In 2002, the University of Manchester's Research Centre for Studies of Surrealism and its Legacies invited American sculptor Mark Dion to become artist-in-residence for a project in collaboration with Manchester Museum, with the aim of creating an installation reflecting on the impact and legacy of Surrealism.

Dion's residency resulted in the Bureau, a space that Dion said would 'provide a fitting setting for the contemplation and study of Surrealism'. Dion created the work in collaboration with the museum's staff, whom he asked to find objects that would 'make you smile, laugh, shake your head in shock and condemnation, or gasp'. The work evokes a 1920s curator's office, filled with curiosities: unusual objects, artefacts and specimens collected at a time when the museum's collecting policies were less clearly directed. Heads mounted on shields, guinea pigs with four hind legs, bric-a-brac and flea market finds are among the esoteric items on display.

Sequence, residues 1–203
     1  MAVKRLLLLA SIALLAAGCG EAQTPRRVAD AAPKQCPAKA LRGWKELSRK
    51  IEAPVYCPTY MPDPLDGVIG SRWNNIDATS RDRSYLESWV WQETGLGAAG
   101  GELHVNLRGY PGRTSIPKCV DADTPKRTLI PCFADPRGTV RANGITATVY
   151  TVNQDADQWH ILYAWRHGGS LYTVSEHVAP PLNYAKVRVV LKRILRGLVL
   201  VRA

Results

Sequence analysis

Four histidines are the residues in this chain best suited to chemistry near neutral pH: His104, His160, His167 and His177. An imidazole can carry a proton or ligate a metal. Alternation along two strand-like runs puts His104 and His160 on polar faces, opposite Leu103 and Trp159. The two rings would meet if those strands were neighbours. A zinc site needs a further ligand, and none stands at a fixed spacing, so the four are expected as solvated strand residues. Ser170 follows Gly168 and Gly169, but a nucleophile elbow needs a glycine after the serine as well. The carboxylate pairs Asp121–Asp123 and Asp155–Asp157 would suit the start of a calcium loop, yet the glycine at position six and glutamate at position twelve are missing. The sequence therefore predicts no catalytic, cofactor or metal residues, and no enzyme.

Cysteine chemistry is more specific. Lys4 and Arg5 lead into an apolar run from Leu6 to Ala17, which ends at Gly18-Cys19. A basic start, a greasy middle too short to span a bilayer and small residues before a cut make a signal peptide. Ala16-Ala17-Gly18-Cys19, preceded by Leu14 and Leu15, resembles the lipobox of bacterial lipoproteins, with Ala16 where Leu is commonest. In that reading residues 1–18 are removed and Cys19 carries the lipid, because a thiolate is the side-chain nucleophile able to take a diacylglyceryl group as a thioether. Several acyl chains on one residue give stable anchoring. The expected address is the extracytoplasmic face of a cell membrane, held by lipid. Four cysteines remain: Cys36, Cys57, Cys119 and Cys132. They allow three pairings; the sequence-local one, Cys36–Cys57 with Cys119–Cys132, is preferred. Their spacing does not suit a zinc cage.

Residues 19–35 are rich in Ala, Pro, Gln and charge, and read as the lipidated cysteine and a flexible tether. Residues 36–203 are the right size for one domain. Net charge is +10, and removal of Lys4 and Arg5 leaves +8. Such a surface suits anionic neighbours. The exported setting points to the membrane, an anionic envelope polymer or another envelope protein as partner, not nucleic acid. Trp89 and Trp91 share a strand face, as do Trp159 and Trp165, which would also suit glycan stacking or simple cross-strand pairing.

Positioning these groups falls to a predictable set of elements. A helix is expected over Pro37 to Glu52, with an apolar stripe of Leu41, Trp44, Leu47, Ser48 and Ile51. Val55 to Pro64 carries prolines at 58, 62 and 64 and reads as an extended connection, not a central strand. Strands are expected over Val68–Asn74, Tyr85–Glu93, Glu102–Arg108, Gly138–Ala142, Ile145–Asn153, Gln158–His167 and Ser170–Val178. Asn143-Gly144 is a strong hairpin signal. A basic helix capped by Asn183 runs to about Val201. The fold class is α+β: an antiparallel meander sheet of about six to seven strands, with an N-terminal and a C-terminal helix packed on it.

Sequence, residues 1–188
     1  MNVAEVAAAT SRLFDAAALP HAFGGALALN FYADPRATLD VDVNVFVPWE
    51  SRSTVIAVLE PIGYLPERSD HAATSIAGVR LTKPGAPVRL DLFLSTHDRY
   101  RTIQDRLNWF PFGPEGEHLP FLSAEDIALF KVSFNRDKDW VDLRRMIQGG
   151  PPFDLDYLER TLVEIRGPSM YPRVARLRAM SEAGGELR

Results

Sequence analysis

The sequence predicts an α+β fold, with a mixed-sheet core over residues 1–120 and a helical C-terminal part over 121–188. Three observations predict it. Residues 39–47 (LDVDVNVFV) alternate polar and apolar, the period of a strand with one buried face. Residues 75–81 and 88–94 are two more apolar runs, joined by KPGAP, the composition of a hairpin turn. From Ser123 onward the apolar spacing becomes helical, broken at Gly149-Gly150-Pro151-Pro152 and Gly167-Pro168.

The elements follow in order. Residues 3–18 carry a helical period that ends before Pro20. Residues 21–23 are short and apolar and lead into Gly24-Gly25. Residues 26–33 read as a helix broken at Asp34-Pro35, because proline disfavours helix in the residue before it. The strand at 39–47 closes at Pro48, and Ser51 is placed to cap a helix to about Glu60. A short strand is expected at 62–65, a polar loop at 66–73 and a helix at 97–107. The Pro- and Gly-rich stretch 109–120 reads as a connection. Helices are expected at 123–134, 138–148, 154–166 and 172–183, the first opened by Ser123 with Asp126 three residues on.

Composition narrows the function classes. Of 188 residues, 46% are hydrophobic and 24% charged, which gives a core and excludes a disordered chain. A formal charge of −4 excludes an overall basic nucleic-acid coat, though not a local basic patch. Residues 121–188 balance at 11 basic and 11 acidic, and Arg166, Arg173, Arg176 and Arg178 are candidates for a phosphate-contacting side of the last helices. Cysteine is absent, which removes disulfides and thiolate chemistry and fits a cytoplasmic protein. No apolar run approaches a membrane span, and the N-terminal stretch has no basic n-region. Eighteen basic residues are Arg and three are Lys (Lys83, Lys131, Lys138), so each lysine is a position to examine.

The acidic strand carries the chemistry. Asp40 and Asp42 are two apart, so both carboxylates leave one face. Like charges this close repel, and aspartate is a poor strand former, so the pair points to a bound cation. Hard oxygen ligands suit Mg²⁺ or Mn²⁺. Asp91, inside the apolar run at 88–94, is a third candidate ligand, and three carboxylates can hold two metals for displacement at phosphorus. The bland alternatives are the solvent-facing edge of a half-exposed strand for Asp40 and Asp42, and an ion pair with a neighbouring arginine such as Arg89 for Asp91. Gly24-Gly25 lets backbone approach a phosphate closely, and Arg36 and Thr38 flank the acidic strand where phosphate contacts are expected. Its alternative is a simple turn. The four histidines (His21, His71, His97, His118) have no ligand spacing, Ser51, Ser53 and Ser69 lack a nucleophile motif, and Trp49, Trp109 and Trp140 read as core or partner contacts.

The artist.

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